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S.W.O.R.D. Checklist for EMS Helicopter Landing Zones

— An easy checklist for EMS helicopter pilots, firefighters and landing zone coordinators.

EMS Helicopter pilots love…

the path of least resistance.

And I admit it.

I love it too.

Why make things hard, when easy is so much… easier.

That’s what this article is about.

An easy checklist for EMS helicopter pilots and helicopter landing zone coordinators to follow. I used this checklist for the last 10 years I flew civilian EMS. It’s simple, it works and it’s easy to remember.

I hope it helps you.

Here is the S.W.O.R.D. Checklist for EMS Helicopter Landing Zones:

 

S - Size, Surface, Slope.

Size matters when it comes to landing zones, and in all cases, bigger is better.

Surface - what type? Grass, asphalt, loose gravel, snow, pasture, corn field, etc

Slope - how much? 2 - 3 degrees, 3 - 5 degrees, 5 - 10 degrees, and in what direction? East to West, North to south, etc

W - Winds

Always report direction winds are "coming from" or "out of" and estimated speed.

Example: Winds are out of the North at 10 knots or Winds are 360 degrees at 10 knots.

O - Obstacles

Report all obstacles inside the landing area cones or flares as well as any obstacles within two miles of the landing zone.

Example: trees, wires, cell phone towers, soccer nets, goal posts, fences, back stops, etc.

R - Route

Best route into and out of the landing zone for the helicopter.

Example: "Best approach is from the North to the South," or "best approach is from the Southeast."

D - Double Check

Double check everything, especially the stuff on the checklist. Did I find and brief all the obstacles? Do I have a good exit plan from the landing zone? Do I know the winds? Did I brief my team?

EMS and air medical is an unforgiving business. Second chances are rare. So any tool you find useful is a keeper.

My advice is to keep it simple. Simple works. Take an extra minute and make sure everything is done right the first time.

Here is the audio version of this blog post:


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Troy Shaffer
Troy Shaffer

About the Author: Troy is an Air Medical Career Expert passionate about a team approach to improving air medical safety from the ground up. Troy is a former Army medic, Army pilot, Coast Guard pilot and EMS pilot. Troy has taught hundreds of wannabe flight medics, flight nurses and EMS pilots the exact steps needed to launch air medical careers.

    6 replies to "S.W.O.R.D. Checklist for EMS Helicopter Landing Zones"

    • Paul

      Whatever happened to good ole WOTFEEL, or the ‘5 S’ rule
      Wind
      Obstacles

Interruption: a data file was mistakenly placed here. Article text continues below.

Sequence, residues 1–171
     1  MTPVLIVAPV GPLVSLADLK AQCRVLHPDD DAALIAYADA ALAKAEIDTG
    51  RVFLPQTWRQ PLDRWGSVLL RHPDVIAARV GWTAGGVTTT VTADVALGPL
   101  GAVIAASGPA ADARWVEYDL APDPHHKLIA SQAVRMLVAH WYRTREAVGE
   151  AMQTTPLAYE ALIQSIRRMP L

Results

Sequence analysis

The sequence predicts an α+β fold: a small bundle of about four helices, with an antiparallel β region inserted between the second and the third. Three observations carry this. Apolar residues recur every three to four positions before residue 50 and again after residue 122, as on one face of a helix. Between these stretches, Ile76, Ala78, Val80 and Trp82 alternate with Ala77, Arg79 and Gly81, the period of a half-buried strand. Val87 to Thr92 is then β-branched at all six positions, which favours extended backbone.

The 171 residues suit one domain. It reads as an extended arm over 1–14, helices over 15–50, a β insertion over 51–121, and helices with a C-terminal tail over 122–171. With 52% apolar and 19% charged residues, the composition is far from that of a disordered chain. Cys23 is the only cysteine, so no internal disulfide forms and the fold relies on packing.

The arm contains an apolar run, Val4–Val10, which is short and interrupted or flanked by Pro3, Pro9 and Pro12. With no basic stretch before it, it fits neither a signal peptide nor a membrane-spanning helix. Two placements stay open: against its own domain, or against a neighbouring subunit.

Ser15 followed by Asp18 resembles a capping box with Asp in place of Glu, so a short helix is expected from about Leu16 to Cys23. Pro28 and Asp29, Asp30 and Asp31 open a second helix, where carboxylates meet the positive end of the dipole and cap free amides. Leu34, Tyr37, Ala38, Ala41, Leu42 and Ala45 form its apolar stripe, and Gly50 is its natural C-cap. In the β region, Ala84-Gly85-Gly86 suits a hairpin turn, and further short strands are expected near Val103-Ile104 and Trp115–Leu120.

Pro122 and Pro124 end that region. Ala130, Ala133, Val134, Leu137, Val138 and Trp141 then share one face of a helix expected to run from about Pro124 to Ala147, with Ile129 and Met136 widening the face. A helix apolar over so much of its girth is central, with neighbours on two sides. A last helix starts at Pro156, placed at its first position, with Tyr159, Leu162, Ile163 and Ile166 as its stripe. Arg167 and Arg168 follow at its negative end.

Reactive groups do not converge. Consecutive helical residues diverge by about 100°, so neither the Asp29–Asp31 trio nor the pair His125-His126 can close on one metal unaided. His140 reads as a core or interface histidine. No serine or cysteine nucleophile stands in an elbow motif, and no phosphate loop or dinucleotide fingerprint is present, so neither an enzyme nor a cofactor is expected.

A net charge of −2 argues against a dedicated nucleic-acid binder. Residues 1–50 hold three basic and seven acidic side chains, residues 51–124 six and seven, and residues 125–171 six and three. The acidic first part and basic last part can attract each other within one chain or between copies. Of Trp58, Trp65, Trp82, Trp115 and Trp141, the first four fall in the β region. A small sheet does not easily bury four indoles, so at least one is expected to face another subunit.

Terrain
      Forced Landing areas
      Entry/Exit route
      Elevation
      Landing area.
      Size
      Shape
      Slope
      Surface
      Surrounds

      • Troy Shaffer

        Paul,

        It’s still around, and it still works great. The key is to find a system / checklist that works best for you.

        Thanks for your feedback. Fly safe.

        Clear Skies & Tailwinds

    • The Gmail Guy

      This article is ridiculous. If you can’t evaluate a confined area by the time you have the flight hour experience to become an EMS pilot…you shouldn’t be flying.

      • Troy Shaffer

        Guy,

        I understand what you’re saying and to a certain extent I agree with you.

        But the purpose of checklists and mnemonics isn’t to replace pilot experience. It’s simply a tool to use and share with your flight and ground crews. That’s the reason for the article.

        Remember your team extends beyond pilots, flight and ground crews have a vested interest in knowing as much as possible about landing zone operations.

        Thanks for sharing your experience.

        Clear Skies & Tailwinds,
        Troy

        • Anthony Thompson

          I took this article from the position of a grounds crew person who is on the scene awaiting the arrival of a “LifeFlight” aircraft. You can be the best pilot in the world, but it won’t matter if you have nowhere to land that has already been cleared and prepped for a safe arrival and departure. As a First Responder, it is my task to make sure I guide the pilot into a most likely unknown area onto an unknown surface with numerous unknowns in the immediate area. And, the sooner I create a safe LZ for him, the sooner the pt can get the required care they need. A good mnemonic saves time and minimizes overlooking the small things that can create a catastrophic situation such as suddenly-airborne debris being ingested by the engine or low-lying obstacles that could impact the tail rotor.

    • Joel Vivian

      Landing zones our important to see in bere area

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